MORE INFORMATION:

• GA Voice profiled Bryan, and the inspiration Margaret Cho brought to his cancer fight, in an essay by his friend Will Pollock published July 7, 2011. Read it here.

So I said, “Have a party,” and a bunch of other folks said, “Have a party,” and on Friday, there was a party. Bryan is blessed with an array of friends who threw a shindig together in 48 hours that I couldn’t make happen in a month.

There was a lengthy receiving line to see Bryan on the sofa, so I waited for my opportunity right next to the buffet, with the macaroni and cheese within easy reach. Because if we’re being reminded of how short life can be, then I want to make time for mac and cheese.

Chronic illness does not shorten your timeline. It makes you aware of it.  Bryan was informed the clock might be running out, so he threw a party. If he recovers (which could absolutely happen,) he’ll have the memory of a night when he knew beyond question how much he is loved. If he does not recover, then everyone in the room will still have that memory.

But not everyone gets a reminder about how short life can be. On average, 113 people die in car crashes, every single day. They don’t get a chance to throw a party. We fool ourselves into believing we have some control over our future, but in truth, the only thing we’re guaranteed is the moment we’re in right now.

The cynic will look at that unavoidable fact and say, “Why bother?” I look at it and am frankly relieved, because it levels off the playing field quite nicely. We’re all in this together, with nothing more or less than this moment. Suddenly life becomes so much more manageable.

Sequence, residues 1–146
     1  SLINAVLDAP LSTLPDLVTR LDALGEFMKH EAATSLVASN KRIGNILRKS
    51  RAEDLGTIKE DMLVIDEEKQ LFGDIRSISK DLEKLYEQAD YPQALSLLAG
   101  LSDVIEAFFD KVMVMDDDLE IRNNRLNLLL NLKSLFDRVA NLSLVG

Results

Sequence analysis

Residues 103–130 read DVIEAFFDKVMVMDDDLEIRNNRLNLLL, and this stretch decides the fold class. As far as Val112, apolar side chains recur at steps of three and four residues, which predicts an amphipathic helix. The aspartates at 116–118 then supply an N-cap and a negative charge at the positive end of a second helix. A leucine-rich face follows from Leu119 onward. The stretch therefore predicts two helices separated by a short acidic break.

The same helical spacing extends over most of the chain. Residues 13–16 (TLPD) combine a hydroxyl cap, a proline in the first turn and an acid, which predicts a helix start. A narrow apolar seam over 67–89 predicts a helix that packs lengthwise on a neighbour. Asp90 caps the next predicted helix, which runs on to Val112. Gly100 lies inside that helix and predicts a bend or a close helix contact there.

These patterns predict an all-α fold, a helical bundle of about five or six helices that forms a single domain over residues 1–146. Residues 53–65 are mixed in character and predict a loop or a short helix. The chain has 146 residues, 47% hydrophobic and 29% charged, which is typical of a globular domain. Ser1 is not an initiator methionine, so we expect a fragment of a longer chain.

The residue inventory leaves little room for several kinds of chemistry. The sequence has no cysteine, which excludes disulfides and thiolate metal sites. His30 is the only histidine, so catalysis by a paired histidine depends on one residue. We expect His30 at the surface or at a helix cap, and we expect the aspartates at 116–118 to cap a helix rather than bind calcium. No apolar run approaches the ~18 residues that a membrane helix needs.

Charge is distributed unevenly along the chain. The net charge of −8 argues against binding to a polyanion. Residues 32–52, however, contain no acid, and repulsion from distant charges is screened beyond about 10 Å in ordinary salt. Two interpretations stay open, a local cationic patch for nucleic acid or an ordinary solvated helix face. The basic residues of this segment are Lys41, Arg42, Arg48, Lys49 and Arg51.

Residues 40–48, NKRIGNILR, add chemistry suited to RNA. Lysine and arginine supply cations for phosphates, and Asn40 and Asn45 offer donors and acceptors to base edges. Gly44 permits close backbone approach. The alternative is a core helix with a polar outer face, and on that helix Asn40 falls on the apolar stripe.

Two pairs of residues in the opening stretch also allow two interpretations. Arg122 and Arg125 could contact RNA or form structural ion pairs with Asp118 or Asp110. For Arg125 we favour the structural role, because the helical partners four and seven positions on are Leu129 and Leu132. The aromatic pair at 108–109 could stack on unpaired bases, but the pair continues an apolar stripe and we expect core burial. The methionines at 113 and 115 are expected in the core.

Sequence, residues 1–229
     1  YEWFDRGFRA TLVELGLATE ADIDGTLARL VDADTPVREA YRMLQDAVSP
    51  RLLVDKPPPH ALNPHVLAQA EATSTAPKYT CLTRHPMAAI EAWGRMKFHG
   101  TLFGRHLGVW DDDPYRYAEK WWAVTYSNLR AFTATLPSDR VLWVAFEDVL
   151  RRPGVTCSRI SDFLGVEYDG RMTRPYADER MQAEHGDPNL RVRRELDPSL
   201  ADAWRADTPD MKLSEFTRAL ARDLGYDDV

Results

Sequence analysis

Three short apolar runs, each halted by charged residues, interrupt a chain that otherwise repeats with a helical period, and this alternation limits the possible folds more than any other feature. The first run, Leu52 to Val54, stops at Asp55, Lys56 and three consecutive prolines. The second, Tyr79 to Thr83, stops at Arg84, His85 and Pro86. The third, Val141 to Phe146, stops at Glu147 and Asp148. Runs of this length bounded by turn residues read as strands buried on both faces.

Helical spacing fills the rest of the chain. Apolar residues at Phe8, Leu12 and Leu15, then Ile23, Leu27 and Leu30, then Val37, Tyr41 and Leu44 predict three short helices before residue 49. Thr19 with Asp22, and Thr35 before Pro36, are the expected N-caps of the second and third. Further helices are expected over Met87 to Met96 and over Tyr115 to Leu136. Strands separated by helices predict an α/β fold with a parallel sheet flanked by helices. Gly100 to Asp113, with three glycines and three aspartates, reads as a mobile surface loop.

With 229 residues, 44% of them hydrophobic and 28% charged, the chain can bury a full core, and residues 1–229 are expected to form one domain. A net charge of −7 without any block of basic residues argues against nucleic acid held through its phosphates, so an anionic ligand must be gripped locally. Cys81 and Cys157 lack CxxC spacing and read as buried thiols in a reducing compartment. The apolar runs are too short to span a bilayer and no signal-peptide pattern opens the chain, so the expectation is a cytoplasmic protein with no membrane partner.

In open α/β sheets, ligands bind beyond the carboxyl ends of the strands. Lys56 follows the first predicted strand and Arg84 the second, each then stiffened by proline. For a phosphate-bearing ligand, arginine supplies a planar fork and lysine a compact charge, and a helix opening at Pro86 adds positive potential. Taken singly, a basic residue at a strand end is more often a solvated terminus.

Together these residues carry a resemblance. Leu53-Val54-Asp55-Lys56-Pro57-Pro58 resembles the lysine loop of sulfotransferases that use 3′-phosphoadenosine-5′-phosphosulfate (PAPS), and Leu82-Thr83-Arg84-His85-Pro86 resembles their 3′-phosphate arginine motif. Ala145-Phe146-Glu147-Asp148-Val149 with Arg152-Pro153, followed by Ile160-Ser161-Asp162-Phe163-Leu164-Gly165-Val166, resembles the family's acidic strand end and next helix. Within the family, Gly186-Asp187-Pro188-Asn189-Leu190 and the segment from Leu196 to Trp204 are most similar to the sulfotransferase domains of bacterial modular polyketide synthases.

“Why am I here?” gets a firm answer when you focus on right now. “Why am I here?” “I am here to buy cheese, because my husband wants tacos for dinner.” “I am here to pet my dog, because I like it when she goes ‘nnngh.’” “I am here to let someone know they are loved, that they matter.”

When you focus on the moment you’ve been given, making an impact on the world around you is so simple.

It’s often said that when people die, they wish they’d spent less time working. I’ve seen a lot of people die. Most of them said, “Thank God for work, or I wouldn’t have had insurance.” Their work friends came by. Brought casseroles and crossword puzzles. Work’s not so bad.

But I do hear a lot of people say they’d spent less time worrying about things they either couldn’t control, or didn’t need to. People who spend their lives making sure they’ve got rights other people don’t, or actively working against other people’s happiness… I imagine in those final moments, they wonder, “Huh. Was that really worth it?”

So. What would you do if you were told you may only have a few days?  Well, what makes you so certain you have more than that? Don’t worry so much.

Your life, and your legacy, is made up of a series of moments. Make them count.

 


Topher Payne is an Atlanta-based playwright, and the author of the book “Necessary Luxuries: Notes on a Semi-Fabulous Life.” Find out more at topherpayne.com.

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